You've seen the ads for pills and similar products, either late at night or early in the morning, depending on your TV-viewing habits. They're loud. They're obnoxious. Maybe they feature a semi-famous pitch person.

"Last longer in bed!"

"Increase your stamina!"

What can it hurt, you wonder. Fortunately, your credit card is out of reach and you're not in the mood to move.

Supplements that purport to treat premature ejaculation (PE) should be approached with caution, said Andrew Cohen, M.D., director of trauma and reconstructive urologic surgery at Johns Hopkins Bayview Medical Center in Baltimore. These supplements are not evaluated by the Food and Drug Administration (FDA), which means no one has reviewed the possible risks and benefits of the products.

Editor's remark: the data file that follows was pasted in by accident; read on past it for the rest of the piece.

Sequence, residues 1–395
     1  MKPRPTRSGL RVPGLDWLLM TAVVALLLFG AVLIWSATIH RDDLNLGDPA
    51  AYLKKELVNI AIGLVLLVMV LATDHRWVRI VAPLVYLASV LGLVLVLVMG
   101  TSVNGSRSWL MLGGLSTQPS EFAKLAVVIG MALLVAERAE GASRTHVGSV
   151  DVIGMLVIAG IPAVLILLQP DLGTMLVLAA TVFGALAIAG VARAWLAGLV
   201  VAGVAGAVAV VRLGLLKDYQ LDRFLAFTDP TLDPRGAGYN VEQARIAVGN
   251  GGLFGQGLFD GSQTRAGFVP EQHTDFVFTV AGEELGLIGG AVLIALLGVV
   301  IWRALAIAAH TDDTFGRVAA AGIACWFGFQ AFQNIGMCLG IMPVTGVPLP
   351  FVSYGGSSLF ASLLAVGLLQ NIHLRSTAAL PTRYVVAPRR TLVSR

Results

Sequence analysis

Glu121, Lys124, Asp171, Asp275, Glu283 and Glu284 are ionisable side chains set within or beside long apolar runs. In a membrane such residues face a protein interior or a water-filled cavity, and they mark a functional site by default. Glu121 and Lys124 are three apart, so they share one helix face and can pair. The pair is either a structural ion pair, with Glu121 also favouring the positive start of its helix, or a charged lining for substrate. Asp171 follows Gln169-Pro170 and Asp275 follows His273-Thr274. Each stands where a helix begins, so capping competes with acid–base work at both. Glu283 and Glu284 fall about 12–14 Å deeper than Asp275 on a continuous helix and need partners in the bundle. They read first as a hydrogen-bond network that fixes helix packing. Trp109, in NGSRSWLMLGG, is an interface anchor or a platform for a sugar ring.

"Buyer beware," he said. "We just don't know how that would interact with other medicines you take, and we don't know if it's effective or not."

While you should be wary of sex pills advertised online and on television, prescription medications are available to effectively treat